Everyone is talking about resiliency. Since 2004, the number of people searching or writing about it has doubled. With the tumult of 2020, that’s not likely to abate anytime soon. Ironically, while most people will tell you that resilience is a good thing, it’s not widely supported by policies or practices.
In the late 90s, Donella Meadows, an American environmentalist and educator, wrote about resilience from a systems thinking perspective. Her most enlightening insight contrasted resilience with its polar opposite – static stability. How could two concepts that both sound desirable be mortal enemies?
Static stability is seductive because it’s easy to see and quantify, making it perfect for planners who need to evaluate policy efficacy, especially around productivity. After planners enact new rules, they can measure targeted impacts. But the downside of inflexible systems is that they hide vulnerabilities, so when a system crashes, it does so suddenly, with few warnings.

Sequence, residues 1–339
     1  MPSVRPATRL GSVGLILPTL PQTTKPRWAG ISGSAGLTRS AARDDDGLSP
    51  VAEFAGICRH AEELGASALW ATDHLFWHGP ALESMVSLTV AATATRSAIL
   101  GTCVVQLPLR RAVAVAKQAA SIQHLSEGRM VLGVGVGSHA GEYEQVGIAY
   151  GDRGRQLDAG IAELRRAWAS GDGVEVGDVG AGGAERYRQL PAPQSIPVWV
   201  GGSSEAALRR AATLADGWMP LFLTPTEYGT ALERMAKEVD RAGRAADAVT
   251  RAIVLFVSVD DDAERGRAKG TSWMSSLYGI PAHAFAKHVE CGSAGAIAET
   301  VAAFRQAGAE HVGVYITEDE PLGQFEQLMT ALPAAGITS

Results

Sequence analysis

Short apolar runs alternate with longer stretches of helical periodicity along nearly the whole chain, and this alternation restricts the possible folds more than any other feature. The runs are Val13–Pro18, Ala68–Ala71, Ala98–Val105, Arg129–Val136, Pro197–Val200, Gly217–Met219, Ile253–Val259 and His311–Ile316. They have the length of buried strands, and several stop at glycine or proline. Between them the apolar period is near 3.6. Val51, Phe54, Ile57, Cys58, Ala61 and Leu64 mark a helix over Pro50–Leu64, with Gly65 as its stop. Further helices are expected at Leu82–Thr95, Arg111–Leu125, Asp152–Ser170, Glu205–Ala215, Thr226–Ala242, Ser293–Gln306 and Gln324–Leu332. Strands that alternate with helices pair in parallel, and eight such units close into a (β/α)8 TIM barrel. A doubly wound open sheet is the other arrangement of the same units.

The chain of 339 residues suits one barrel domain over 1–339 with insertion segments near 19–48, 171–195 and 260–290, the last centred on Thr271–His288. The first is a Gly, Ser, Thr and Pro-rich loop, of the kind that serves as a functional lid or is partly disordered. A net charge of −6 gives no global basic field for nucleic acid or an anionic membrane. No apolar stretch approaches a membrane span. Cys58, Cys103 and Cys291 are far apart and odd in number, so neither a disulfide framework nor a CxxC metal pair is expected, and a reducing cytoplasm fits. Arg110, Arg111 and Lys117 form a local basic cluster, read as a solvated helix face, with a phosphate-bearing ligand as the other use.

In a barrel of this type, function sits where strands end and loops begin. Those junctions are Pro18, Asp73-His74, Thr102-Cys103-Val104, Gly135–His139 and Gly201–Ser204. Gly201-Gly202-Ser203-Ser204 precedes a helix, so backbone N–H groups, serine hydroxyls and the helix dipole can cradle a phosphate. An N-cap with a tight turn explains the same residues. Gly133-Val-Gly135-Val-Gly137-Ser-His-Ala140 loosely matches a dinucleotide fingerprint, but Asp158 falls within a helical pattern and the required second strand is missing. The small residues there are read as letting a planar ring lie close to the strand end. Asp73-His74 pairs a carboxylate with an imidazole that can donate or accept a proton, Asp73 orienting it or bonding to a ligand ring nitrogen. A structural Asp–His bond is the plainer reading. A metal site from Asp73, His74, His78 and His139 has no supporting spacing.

Close to Home
In Chicago, you don’t need to look far for evidence of brittle systems enamored with metrics. When the COVID pandemic hit, high performing schools that strictly taught with traditional methods had difficulty pivoting. Conversely, schools that employed multiple modes of learning, including digitally mediated ones, transitioned quickly. Diversity is the antidote for static stability. Many unique actors can conspire to keep an ecosystem balanced, holding each other in check while offering multiple options to solve sudden problems.